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DEA Being Pushed to Clarify Marijuana Schedule. Will it Make a Difference?

Despite the six months that have passed since the Department of Health and Human Services (HHS) recommendation to the Drug Enforcement Agency (DEA) to reclassify marijuana as a Schedule III drug from its current status as Schedule I, there has been no public indication that the DEA is moving forward on the recommendation.

In January 2024, that lack of action elicited a letter to the DEA and US Attorney General from 12 US Senators urging the DEA to “swiftly deschedule marijuana from the Controlled Substances Act (CSA),” as recommended by the HHS. The letter requested that the DEA respond to six questions by February 12 … a date which has passed without response.

The questions, intended to help the American people understand the steps the DEA is taking, focused on:

  1. The status of DEA’s review and timeline for removing marijuana from Schedule 1.
  2. What evidence the DEA intends to consider in its decision and a roadmap for clinical trials, if that is the direction.
  3. How DEA is assessing the medical use of cannabis, given the differences between DEA and HHS methods.
  4. How and if criminal enforcement of marijuana would change if rescheduled.
  5. The specific steps DEA has taken to ensure its polices and programs align with executive orders on racial equity (13985 and 14091).
  6. How DEA’s evaluation addresses the harms of cannabis criminalization, related consequences, and racial disparities associated with enforcement.

The letter is a follow-up to the January Freedom of Information Act (FOIA) release of the HHS Document on the rationale for its descheduling recommendation. The rationale was based on eight factors: its actual or relative potential for abuse; scientific evidence of its pharmacological effect, if known; the state of current scientific knowledge regarding the drug or other substance; its history and current pattern of abuse; the scope, duration, and significance of abuse; what, if any, risk there is to the public health; its psychic or physiological dependence liability; and whether the substance is an immediate precursor of a substance already controlled.

From these, HHS reached the following conclusions: Marijuana has a potential for abuse less than the drugs or other substances in Schedules I and II; it has a currently accepted medical use in treatment in the US; abuse may lead to moderate or low physical dependence or high psychological dependence based on frequency and degree of exposure. Given those conclusions, marijuana does not meet the medical or scientific requirements for Schedule I drugs. Additionally, while there is a high prevalence of nonmedical use, “an overall evaluation of epidemiological indicators suggests that it does not produce serious outcomes compared to drugs in Schedules I or II.”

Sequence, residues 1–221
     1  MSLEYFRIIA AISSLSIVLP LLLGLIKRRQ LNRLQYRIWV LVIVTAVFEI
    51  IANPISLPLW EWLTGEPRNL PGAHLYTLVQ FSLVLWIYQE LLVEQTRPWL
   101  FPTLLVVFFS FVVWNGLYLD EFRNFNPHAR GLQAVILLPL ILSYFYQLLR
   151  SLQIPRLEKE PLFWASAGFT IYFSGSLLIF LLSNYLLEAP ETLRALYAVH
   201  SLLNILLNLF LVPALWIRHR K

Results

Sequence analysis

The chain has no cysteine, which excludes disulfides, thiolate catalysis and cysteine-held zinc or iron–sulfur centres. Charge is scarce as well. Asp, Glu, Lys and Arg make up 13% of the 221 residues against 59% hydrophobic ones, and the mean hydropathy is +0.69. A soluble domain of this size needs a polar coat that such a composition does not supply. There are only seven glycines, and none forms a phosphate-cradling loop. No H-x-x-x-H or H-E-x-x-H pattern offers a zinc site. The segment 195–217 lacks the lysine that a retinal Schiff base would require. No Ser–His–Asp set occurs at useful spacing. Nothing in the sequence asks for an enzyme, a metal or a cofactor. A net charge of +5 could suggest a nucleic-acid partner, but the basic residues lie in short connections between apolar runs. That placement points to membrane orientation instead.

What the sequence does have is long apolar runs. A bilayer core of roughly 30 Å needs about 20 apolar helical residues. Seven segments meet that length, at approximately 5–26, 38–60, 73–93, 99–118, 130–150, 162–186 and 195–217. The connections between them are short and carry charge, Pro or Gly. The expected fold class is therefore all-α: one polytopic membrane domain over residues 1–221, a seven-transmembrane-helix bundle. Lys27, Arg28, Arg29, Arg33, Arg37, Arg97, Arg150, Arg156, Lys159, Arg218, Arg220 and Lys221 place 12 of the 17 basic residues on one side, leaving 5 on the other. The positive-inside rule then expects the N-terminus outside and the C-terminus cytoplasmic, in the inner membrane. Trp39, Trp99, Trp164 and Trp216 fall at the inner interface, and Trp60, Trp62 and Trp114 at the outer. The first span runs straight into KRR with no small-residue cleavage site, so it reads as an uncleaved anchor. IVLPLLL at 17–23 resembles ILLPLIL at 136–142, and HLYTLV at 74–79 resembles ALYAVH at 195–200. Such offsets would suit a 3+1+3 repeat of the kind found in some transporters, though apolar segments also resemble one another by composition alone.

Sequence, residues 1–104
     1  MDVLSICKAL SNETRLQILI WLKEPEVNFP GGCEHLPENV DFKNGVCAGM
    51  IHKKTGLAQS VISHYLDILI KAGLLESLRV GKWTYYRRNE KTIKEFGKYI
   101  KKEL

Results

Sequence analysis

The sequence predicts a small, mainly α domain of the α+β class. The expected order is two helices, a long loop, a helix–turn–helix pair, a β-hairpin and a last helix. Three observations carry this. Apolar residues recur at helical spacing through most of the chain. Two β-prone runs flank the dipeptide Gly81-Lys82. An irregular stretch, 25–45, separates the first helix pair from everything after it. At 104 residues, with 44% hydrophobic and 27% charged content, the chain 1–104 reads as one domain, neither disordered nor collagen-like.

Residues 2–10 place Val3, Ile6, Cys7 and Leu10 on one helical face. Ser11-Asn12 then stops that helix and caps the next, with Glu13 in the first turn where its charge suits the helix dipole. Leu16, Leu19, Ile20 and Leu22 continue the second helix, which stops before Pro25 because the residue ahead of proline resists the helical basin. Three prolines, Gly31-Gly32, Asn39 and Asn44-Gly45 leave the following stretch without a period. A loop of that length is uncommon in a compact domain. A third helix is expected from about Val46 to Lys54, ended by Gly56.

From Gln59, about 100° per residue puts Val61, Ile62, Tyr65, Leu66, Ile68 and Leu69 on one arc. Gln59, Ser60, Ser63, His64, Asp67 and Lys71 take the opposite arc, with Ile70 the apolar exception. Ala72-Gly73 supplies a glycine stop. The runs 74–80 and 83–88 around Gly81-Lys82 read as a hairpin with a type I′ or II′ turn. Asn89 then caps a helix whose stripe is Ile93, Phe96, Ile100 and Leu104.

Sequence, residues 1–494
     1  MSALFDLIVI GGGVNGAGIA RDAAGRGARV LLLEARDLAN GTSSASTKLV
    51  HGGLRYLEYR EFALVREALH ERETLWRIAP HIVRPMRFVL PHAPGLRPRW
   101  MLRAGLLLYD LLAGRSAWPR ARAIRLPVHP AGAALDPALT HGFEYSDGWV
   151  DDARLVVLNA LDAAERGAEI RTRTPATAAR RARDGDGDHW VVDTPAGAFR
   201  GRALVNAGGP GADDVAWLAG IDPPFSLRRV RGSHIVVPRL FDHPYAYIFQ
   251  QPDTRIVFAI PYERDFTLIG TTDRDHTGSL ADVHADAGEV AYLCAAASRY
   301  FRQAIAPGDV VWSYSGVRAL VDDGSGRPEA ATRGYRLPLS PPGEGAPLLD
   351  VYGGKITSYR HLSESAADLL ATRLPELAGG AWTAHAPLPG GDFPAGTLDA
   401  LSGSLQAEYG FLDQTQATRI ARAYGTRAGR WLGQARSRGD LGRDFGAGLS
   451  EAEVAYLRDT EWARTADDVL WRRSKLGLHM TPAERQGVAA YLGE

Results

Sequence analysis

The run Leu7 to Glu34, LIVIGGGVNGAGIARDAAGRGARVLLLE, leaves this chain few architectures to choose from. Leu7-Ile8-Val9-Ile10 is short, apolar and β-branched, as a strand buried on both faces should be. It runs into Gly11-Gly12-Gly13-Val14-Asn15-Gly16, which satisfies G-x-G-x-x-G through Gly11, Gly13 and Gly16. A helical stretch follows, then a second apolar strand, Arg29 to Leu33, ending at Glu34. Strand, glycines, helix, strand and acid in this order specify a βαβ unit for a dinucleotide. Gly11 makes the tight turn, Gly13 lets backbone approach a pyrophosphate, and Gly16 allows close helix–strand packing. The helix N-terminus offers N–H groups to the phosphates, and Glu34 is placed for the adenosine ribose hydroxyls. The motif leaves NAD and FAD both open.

While the assessment noted that available data do not imply that safety and effectiveness have been established to support FDA approval, the Senators’ letter took their recommendation a step further than that of HHS. It stated that although “rescheduling to Schedule III would mark a significant step forward, it would not resolve the worst harms of the current system. Thus, the DEA should deschedule marijuana altogether. Marijuana’s placement in the CSA has had a devastating impact on our communities and is increasingly out of step with state law and public opinion.”

With the DEA missing the deadline requested by the Senators, other legislators are continuing to push DEA to clarify its timelines and publish a draft rule on the rescheduling of marijuana, with the latest communication sent to DEA by Congressman Earl Blumenauer.

How this will all pan out will depend on the DEA, but it is not a decision that other legislators are letting slide. The first two months of 2024 have already included an FOIA request for the full HHS assessment and a number of Congressional representatives pushing for a decision, and we would expect to see a continued, robust push over the next months – with consumer groups likely to get more involved as well.


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